14. 14. In case of patent infringement, there are two types of damages: (a) Loss Profits, and (b) Reasonable Royalty. Loss profits imply additional profits that the patent owner would have made if there had been no patent infringement. Reasonably royalty on the other hand implies minimum damages that a patent owner can receive pertaining to a reasonable amount that someone would have agreed to pay to the patent owner for using the patented technology and patent owner would have accepted. The Ruling Cisco’s Estoppel Affirmative Defenses (Denied) Although the parties stipulated to try this case as to damages only, Cisco raised the affirmative defenses of legal and equitable estoppel. The ruling states: “To establish a defense of equitable estoppel, Cisco must demonstrate that: (1) CSIRO communicated something in a misleading way by words, conduct, or silence; (2) Cisco relied upon that communication; and (3) Cisco would be materially harmed if CSIRO is allowed to assert any claim inconsistent with its earlier communication.
  15. 15. In case of patent infringement, there are two types of damages: (a) Loss Profits, and (b) Reasonable Royalty. Loss profits imply additional profits that the patent owner would have made if there had been no patent infringement. Reasonably royalty on the other hand implies minimum damages that a patent owner can receive pertaining to a reasonable amount that someone would have agreed to pay to the patent owner for using the patented technology and patent owner would have accepted. The Ruling Cisco’s Estoppel Affirmative Defenses (Denied) See A.C. Aukerman Co. v. R.L. Chaides Constr. Co., 960 F.2d 1020, 1041 (Fed. Cir. 1992) (en banc). Legal estoppel requires that CSIRO granted Cisco certain rights, received consideration for those rights, and then sought to derogate from the rights granted.” Therefore, judge ruled that Cisco’s legal and equitable estoppel defense did not apply except for products practicing revision “a” of the 802.11 standard, which would require RAND licensing terms.
  16. 16. In case of patent infringement, there are two types of damages: (a) Loss Profits, and (b) Reasonable Royalty. Loss profits imply additional profits that the patent owner would have made if there had been no patent infringement. Reasonably royalty on the other hand implies minimum damages that a patent owner can receive pertaining to a reasonable amount that someone would have agreed to pay to the patent owner for using the patented technology and patent owner would have accepted. The Ruling Damages Model Proposed by CSIRO’s (Rejected) As per CSIRO arguments, the end product devices (network interface cards, routers, access points) were the smallest saleable patent practicing unit. CSIRO further argued that its patent provides the only “improved benefits” between revisions of the standard covered by the patent and other revisions; therefore, the difference in profit margins between covered and not-covered products “largely represents the value attributable to the ’069 Patent.”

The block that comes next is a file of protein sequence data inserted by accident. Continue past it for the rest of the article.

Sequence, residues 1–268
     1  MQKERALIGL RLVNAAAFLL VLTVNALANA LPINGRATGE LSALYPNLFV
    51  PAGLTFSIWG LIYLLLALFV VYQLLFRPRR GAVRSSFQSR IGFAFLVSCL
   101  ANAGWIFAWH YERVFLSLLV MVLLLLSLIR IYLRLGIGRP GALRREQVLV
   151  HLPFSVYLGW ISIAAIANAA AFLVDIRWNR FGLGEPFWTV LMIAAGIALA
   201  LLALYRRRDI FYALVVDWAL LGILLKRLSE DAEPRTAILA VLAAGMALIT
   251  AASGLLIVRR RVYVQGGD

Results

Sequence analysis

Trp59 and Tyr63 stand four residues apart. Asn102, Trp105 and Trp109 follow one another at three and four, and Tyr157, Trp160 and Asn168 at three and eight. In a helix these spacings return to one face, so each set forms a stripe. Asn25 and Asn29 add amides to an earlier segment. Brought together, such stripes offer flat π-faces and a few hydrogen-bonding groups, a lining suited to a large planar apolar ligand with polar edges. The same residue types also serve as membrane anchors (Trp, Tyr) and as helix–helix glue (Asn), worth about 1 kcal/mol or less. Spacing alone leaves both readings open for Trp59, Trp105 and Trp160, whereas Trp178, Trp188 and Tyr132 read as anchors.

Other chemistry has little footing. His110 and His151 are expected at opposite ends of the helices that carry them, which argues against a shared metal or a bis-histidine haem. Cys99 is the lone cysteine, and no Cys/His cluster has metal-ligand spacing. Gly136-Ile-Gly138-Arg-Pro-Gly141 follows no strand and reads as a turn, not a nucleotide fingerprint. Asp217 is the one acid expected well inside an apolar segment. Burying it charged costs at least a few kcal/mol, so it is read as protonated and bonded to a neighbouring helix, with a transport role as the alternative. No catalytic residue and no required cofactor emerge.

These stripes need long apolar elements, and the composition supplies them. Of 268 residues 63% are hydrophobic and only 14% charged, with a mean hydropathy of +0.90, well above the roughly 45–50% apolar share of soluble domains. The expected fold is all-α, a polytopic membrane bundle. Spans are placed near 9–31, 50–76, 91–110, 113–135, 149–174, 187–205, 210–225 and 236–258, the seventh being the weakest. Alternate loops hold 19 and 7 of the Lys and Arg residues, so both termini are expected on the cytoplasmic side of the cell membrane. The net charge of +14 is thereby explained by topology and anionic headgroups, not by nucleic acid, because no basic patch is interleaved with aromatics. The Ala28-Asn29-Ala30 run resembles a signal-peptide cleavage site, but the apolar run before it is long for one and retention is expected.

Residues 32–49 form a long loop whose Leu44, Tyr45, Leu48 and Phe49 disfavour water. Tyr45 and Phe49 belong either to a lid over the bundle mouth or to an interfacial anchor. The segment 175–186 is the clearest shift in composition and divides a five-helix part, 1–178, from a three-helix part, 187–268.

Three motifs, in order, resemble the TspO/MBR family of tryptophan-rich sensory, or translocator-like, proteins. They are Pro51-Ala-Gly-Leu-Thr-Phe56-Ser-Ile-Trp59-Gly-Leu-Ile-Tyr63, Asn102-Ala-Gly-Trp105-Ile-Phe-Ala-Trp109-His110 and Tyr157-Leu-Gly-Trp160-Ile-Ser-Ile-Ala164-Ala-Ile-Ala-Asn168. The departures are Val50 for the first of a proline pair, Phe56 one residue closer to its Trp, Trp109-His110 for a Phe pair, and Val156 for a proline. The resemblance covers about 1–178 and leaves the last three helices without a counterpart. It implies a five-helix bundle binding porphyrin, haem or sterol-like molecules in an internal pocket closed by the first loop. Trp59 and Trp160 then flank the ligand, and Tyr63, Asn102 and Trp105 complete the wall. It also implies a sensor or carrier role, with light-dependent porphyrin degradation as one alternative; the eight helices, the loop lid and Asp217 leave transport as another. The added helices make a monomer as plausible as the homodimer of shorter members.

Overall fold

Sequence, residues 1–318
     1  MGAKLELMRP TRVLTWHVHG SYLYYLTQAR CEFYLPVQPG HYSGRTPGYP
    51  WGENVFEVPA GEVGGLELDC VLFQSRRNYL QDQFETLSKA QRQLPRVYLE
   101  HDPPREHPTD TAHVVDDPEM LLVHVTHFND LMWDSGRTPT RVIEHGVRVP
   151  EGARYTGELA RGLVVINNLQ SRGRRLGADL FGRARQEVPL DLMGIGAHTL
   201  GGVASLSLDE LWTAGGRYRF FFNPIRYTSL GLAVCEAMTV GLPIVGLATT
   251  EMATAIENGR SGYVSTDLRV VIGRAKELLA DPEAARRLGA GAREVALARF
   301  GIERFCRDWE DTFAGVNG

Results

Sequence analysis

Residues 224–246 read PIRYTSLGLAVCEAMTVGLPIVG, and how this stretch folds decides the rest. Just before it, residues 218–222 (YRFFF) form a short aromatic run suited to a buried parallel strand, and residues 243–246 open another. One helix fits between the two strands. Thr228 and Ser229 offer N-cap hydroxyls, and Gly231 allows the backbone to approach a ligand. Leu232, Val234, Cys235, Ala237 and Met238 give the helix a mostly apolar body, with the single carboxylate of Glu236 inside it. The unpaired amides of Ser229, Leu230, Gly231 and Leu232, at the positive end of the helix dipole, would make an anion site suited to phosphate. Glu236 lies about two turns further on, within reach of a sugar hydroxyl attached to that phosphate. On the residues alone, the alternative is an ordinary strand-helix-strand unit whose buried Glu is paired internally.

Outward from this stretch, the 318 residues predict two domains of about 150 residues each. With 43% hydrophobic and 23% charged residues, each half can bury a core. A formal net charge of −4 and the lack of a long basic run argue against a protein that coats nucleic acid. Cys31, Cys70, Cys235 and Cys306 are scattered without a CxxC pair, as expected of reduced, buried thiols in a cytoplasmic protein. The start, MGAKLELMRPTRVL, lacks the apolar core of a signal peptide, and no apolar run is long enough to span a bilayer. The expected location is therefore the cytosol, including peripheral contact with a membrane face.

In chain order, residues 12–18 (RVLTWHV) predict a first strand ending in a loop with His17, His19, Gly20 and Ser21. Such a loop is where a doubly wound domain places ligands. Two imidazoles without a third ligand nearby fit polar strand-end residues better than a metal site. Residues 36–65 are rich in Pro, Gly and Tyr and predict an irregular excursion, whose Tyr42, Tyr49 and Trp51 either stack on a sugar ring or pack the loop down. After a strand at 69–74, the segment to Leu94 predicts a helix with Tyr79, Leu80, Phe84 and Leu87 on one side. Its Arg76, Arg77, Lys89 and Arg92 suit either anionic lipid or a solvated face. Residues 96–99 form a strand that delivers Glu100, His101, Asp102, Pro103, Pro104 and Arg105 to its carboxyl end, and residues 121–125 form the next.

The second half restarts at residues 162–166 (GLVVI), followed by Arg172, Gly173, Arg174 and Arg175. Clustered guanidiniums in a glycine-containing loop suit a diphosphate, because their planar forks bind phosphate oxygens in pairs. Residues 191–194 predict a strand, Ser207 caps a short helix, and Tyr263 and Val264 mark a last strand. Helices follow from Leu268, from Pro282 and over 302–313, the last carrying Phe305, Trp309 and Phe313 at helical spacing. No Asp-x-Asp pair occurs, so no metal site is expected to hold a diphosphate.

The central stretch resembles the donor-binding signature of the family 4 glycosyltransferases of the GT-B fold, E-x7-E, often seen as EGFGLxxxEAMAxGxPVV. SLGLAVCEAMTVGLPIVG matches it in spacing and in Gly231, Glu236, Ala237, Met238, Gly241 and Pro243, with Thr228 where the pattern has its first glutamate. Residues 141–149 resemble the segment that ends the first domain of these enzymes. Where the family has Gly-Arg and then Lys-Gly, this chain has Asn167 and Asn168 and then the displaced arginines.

17. 17. In case of patent infringement, there are two types of damages: (a) Loss Profits, and (b) Reasonable Royalty. Loss profits imply additional profits that the patent owner would have made if there had been no patent infringement. Reasonably royalty on the other hand implies minimum damages that a patent owner can receive pertaining to a reasonable amount that someone would have agreed to pay to the patent owner for using the patented technology and patent owner would have accepted. The Ruling Damages Model Proposed by CSIRO’s (Rejected) However, Judge did not agree and found issues with the large disparity in profit margins between covered and non-covered products – over $84 difference for consumer products and over $200 difference for enterprise products; that disparity made it “impossible to reliably determine where the value of the patented technology lies.” The expert also had problems in apportioning value to the patented technology distinct from unpatented features. For example, “802.11g is backwards compatible with 802.11b, a feature not specifically attributable to the ’069 Patent, but which adds value to the consumer” not accounted for in CSIRO’s damages model.
  18. 18. In case of patent infringement, there are two types of damages: (a) Loss Profits, and (b) Reasonable Royalty. Loss profits imply additional profits that the patent owner would have made if there had been no patent infringement. Reasonably royalty on the other hand implies minimum damages that a patent owner can receive pertaining to a reasonable amount that someone would have agreed to pay to the patent owner for using the patented technology and patent owner would have accepted. The Ruling Damages Model Proposed by Cisco (Rejected) Cisco argued that the royalty should be based on WiFi chip prices capped at the royalty rate that CSIRO gave Radiata under the TLA agreement between them, where the inventive concept resides in the chip. As may be seen in the ruling, Cisco’s licensing model was rejected because it relied primarily on the TLA agreement, which was a unique agreement given the relationship between CSIRO and its business partner that was not comparable to the hypothetical negotiation for CSIRO-Cisco license.
  19. 19. In case of patent infringement, there are two types of damages: (a) Loss Profits, and (b) Reasonable Royalty. Loss profits imply additional profits that the patent owner would have made if there had been no patent infringement. Reasonably royalty on the other hand implies minimum damages that a patent owner can receive pertaining to a reasonable amount that someone would have agreed to pay to the patent owner for using the patented technology and patent owner would have accepted. Conclusion from the Ruling While delivering the judgment, the judge assumed a hypothetical negotiation in 2002/2003 with no “discount” for uncertainty as to liability given the assumption that the patents were valid and infringed. Judge Davis found a base starting royalty rate based on the Voluntary Licensing Program licensing rate and a 90-cents per end-product licensing offer Cisco made during negotiations, the latter being “the best evidence available of how Cisco valued the contribution of the ’069 Patent … and is the best indicator of Cisco’s possible bid price at the time of the hypothetical negotiation.” Judge Davis then considered various Georgia-Pacific factors for adjusting this starting royalty rate, as may be seen in full copy of court order: CSIRO-v.-Cisco